"We use public records to identify those in our database with the wherewithal to make a contribution," explained Campbell, adding that researchers craft their investigations to fit a college's needs. For a campaign for a new arts building, they might look for alumni who have given to art museums; for a campaign for a new athletic facility, they might seek former athletes.

Some people are more likely than others to have fat files in researchers' offices. Alumni who have a history of donations top every college fundraisers' list for solicitations because people who have contributed once are more likely to give again, college officials say.

Alumni who are presidents, chief executive officers or board members of publicly traded companies are also frequent targets. And older alumni are more likely to be researched than younger alumni -- they have to have "time to accumulate enough wealth or assets to be comfortable giving some of it away," DeFilippis said, adding that his college "targets" alumni who are 50 or older and "monitors forty-somethings."

Additionally, he said, colleges frequently focus on particular majors.

"Certain majors are more likely donors," he said. "Our . . . education and social work alumni don't come anywhere near accumulating the salaries or wealth of our business school graduates or law school graduates."

But it's not just alumni whom researchers are after: Other benefactors who have an interest in the college -- they might live in the town where the college is or have a child who attended the school -- and foundations and corporations that give grants and other donations also are targeted.

College development officers say researchers have become crucial to fundraising. Once potential donors are identified, they're investigated by researchers who try to determine how much an individual can afford to give, when would be a good time to request money and how to ask.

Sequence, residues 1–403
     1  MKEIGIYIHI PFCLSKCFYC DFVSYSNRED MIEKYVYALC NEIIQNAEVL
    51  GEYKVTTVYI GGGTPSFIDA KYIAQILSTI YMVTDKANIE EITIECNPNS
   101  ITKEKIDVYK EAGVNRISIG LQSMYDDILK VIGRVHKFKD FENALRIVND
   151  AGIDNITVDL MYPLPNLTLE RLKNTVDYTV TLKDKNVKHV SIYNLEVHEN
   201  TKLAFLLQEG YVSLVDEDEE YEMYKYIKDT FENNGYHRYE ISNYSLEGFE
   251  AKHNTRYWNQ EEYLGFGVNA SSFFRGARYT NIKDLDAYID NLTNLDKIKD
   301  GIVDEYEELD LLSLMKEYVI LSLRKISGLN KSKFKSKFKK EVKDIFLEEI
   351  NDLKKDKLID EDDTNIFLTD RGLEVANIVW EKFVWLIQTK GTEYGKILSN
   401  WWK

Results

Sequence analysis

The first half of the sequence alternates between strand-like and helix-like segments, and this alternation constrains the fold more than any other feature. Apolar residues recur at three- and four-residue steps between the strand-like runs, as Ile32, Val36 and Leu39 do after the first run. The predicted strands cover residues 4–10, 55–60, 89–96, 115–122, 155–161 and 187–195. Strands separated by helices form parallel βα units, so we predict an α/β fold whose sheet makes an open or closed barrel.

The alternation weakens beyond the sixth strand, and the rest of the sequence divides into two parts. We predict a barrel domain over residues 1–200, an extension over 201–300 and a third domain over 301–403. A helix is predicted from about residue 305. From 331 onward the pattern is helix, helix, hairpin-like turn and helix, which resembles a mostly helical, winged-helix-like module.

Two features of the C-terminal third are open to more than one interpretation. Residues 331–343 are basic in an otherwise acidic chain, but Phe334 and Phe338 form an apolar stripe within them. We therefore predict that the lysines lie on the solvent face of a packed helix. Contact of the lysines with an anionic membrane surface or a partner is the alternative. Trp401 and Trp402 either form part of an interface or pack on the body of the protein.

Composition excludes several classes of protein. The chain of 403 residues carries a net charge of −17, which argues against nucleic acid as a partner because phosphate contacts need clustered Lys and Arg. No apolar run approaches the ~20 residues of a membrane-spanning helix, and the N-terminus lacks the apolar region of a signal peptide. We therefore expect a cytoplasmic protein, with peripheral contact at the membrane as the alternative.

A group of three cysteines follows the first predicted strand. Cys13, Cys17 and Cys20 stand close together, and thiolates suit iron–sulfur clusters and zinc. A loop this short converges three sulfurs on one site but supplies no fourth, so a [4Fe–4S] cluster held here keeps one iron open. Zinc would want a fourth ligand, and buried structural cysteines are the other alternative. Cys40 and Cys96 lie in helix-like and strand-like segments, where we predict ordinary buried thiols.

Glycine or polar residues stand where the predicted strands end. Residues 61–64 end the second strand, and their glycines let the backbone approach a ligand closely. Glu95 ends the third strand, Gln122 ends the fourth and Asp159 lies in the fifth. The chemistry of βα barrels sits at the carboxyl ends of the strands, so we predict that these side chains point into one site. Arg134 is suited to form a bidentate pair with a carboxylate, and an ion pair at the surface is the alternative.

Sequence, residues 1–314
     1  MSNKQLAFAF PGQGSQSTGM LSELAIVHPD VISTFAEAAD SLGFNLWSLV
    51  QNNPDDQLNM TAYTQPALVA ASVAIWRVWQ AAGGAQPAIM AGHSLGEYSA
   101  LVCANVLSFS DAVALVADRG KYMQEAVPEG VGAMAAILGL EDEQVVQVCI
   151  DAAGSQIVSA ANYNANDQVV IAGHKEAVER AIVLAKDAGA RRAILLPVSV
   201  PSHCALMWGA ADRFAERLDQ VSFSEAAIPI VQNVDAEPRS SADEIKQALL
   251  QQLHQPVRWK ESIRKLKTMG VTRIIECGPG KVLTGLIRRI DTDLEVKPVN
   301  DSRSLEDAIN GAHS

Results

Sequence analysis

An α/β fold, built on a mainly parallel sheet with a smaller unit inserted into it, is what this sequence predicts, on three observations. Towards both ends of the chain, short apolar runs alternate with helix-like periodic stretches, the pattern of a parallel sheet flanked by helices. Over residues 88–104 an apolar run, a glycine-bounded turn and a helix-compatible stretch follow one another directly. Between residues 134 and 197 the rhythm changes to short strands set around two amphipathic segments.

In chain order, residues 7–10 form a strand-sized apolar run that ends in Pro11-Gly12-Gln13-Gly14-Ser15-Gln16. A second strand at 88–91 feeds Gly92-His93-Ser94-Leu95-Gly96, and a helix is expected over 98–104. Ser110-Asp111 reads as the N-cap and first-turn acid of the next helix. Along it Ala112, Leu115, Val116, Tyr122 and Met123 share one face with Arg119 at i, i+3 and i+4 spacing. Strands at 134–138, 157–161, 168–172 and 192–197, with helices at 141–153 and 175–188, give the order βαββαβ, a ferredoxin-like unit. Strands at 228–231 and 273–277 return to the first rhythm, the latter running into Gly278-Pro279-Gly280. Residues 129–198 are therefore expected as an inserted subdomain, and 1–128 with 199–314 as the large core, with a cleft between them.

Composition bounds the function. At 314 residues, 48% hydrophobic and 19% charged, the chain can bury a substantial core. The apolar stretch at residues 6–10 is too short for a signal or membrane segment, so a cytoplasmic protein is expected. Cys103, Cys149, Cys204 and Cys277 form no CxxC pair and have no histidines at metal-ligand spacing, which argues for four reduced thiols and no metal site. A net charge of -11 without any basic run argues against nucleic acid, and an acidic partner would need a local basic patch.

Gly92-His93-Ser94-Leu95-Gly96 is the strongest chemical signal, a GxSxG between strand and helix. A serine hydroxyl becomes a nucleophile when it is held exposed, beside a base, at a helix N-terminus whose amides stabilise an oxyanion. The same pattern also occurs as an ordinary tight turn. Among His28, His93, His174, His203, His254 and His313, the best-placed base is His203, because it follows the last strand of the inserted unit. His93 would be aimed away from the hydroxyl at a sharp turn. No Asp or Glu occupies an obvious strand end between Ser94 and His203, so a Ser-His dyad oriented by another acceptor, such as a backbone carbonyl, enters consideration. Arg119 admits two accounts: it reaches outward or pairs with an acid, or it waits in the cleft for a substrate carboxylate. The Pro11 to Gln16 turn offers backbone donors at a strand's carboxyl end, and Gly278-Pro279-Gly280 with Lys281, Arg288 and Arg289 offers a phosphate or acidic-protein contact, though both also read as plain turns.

College officials say they walk a fundraising tightrope -- they don't want to ask for more than someone can give, but they also don't want to ask a wealthy person for an amount so small the request would seem insulting.

College development offices also use researchers' findings to determine whether a potential donor would respond better to a letter, phone call or visit and who would be the best person at the college to ask for the gift.

Sometimes, a letter from the college simply congratulating a graduate on a recent promotion or marriage -- information obtained by a researcher -- accompanied by a donation request does the trick.

Some individuals might be more likely to give if approached by an athletic director; for others, it takes the college president to make the sell. And for some donors, the fundraiser's title matters less than his personality.

Despite the Big Brother nature of the job, researchers and the development officers who oversee them say the position isn't nefarious.

All the information they obtain is publicly available -- usually found in court records, real estate documents or publications.

"The leaders of our society have this transparency about their activity and philanthropy," Hogan said. "There's nothing mysterious about this. It's not very well-known, but it's not mysterious. People just don't realize in this day and age the way information can be aggregated. Nothing about what I do is adversarial. If someone doesn't want to meet us and support us, then we say goodbye politely. We're not spies; we're not detectives."